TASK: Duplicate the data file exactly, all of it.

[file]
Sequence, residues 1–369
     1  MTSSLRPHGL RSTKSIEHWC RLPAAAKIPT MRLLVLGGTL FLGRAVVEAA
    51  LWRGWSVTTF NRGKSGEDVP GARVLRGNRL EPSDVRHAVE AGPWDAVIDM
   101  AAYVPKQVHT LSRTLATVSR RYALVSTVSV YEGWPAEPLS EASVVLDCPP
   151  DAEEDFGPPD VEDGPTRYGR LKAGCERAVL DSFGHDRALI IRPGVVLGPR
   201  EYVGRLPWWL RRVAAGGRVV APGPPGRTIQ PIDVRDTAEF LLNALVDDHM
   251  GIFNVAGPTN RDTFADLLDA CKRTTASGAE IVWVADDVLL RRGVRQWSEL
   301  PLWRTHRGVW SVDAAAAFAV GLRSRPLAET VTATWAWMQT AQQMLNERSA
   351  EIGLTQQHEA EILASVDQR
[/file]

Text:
Sequence, residues 1–369
     1  MTSSLRPHGL RSTKSIEHWC RLPAAAKIPT MRLLVLGGTL FLGRAVVEAA
    51  LWRGWSVTTF NRGKSGEDVP GARVLRGNRL EPSDVRHAVE AGPWDAVIDM
   101  AAYVPKQVHT LSRTLATVSR RYALVSTVSV YEGWPAEPLS EASVVLDCPP
   151  DAEEDFGPPD VEDGPTRYGR LKAGCERAVL DSFGHDRALI IRPGVVLGPR
   201  EYVGRLPWWL RRVAAGGRVV APGPPGRTIQ PIDVRDTAEF LLNALVDDHM
   251  GIFNVAGPTN RDTFADLLDA CKRTTASGAE IVWVADDVLL RRGVRQWSEL
   301  PLWRTHRGVW SVDAAAAFAV GLRSRPLAET VTATWAWMQT AQQMLNERSA
   351  EIGLTQQHEA EILASVDQR